We surveyed about 120 of our current MBA students with some of the frequently asked questions about the residency. We got 50 answers back (a response rate you should be very happy with for your dissertations, even though you would, of course, aim for higher numbers!). Here’s what they have to say about their experience at the residency, sharing some immensely useful tips learned the hard experiential way.

There was 50:50 split on the choice of location of residency between the Ambleside and Lancaster campus.

A vast majority of students (80%) had completed at least four modules before attending the residency and a little less than half of all respondents (46%) thought the right time to attend the residency was when they were about half-way through the course. So the takeaway here is to try and take the residency somewhere after the third or fourth module.

On the other hand, 24% of students would have rather attended the residency as soon as possible after completing the first module.

Attending the residency right after the first module allows one to have human interaction in the otherwise online programme, establish relationships that develop and last throughout the programme and beyond, and allow you to better relate to your peers and colleagues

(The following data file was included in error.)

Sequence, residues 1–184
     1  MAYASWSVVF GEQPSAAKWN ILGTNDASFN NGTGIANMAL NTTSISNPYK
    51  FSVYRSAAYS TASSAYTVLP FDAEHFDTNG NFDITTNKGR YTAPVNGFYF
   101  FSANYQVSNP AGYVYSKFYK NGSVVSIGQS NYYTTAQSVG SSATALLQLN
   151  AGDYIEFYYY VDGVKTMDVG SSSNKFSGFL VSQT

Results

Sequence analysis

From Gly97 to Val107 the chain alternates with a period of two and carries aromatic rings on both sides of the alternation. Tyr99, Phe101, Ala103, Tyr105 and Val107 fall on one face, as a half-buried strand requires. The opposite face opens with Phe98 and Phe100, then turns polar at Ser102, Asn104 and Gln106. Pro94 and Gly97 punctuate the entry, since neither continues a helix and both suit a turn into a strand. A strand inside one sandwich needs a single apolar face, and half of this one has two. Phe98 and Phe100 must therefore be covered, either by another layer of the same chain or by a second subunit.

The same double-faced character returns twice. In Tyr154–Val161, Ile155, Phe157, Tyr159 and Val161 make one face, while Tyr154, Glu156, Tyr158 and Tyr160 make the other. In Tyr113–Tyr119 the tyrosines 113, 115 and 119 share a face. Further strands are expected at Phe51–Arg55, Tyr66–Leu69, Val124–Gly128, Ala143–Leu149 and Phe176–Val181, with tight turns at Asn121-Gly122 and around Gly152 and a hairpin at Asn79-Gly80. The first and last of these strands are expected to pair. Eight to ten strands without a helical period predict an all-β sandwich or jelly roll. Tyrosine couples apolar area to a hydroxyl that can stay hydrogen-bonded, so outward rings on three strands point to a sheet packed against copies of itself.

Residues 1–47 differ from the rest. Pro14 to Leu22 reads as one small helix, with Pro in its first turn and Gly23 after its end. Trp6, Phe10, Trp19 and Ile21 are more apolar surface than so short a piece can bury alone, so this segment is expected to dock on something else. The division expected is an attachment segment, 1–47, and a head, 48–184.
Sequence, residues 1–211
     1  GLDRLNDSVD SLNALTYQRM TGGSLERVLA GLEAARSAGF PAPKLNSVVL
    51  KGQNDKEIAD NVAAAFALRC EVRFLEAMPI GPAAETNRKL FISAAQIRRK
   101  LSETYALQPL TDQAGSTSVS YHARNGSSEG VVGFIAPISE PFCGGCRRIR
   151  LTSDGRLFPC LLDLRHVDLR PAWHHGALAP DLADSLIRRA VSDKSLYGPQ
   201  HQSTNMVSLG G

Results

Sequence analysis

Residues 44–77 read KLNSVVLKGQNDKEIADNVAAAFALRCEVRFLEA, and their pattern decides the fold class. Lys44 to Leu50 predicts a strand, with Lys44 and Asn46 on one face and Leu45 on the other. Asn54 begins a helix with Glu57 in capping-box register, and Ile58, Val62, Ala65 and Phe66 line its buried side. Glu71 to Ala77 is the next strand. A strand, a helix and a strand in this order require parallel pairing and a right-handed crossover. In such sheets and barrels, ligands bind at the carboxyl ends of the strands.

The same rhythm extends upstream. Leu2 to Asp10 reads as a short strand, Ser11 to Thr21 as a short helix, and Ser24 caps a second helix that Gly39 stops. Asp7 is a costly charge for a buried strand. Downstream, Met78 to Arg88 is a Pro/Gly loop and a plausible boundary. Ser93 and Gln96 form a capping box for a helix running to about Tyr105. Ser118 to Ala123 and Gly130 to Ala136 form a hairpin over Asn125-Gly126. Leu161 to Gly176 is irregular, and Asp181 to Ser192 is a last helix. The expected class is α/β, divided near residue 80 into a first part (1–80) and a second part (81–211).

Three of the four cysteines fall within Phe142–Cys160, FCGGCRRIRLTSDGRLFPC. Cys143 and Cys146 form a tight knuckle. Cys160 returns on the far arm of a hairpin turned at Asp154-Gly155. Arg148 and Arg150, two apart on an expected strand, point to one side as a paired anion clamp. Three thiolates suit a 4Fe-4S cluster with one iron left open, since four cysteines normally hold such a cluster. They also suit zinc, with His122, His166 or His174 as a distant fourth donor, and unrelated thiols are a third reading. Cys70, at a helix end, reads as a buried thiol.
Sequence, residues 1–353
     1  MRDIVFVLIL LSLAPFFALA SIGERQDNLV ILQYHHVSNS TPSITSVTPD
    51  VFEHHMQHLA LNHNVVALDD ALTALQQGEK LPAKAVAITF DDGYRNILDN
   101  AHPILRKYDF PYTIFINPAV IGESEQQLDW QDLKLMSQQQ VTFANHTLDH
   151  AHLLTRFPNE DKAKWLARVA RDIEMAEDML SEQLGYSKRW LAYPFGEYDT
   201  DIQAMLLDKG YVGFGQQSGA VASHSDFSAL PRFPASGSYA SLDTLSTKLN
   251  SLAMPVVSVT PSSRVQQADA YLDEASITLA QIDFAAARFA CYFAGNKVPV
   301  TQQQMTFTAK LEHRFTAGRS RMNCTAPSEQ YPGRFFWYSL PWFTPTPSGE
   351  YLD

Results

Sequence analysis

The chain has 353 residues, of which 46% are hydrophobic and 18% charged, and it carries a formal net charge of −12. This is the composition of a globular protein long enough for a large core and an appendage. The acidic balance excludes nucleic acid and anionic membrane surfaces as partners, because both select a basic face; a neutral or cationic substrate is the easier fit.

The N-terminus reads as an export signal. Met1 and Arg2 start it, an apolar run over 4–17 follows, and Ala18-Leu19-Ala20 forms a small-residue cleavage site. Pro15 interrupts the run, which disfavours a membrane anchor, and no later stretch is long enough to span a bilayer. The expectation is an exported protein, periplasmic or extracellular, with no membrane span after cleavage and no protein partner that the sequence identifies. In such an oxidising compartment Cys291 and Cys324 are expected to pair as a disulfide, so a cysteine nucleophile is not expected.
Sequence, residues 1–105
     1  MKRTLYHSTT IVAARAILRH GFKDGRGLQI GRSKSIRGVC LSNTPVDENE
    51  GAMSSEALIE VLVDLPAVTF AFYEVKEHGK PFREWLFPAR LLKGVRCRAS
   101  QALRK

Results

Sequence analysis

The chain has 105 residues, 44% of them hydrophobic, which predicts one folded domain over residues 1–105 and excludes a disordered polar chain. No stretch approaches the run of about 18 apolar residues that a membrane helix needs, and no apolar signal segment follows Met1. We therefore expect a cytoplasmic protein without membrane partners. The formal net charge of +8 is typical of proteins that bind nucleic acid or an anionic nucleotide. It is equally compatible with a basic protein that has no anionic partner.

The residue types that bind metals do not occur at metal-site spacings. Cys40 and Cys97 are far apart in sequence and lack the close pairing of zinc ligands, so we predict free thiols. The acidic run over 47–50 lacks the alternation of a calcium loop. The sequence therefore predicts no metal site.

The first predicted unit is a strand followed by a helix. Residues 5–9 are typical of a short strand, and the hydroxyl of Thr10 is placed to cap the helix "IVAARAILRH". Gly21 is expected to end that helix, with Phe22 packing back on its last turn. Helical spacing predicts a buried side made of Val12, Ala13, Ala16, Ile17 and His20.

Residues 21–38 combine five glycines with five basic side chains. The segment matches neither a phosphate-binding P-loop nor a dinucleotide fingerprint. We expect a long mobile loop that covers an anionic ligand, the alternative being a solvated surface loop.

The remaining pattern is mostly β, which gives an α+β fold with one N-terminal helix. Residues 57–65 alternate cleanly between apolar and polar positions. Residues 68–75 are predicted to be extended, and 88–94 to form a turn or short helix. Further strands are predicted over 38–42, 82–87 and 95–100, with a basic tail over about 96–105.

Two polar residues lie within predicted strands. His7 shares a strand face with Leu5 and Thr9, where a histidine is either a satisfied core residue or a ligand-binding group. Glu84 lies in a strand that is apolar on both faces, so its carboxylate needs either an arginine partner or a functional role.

Paul H.

Some students found that it can help with the rest of the modules too. Peter said that he found taking the residency early on gave additional value in the structuring of academic writing and formulation of assignments as well as how to use OneSearch.

For those who voted for attending residency either halfway through or as late as possible attributed it to the fact that having finished other modules equipped them with a better foundation and management tools to interact and respond in the group.

Thus depending on whether you are more a human interaction person or self-starter, you can choose the right time to attend your residency. 

MALIC Residency Nov 2012
Team Discussion during Residency

What else do you learn at the residency?

Many of our students ask “why is the residency important in an online programme?” and what does one actually gain from it.

It was a great experiential learning experience with an interdisciplinary and diverse group from around the world.

Luis C.

Many students gained an interest and understanding of the future focus of sustainability and climate change, the value of cross-sector collaboration, how to tackle ethical dilemmas and apply ethical theories in real-life.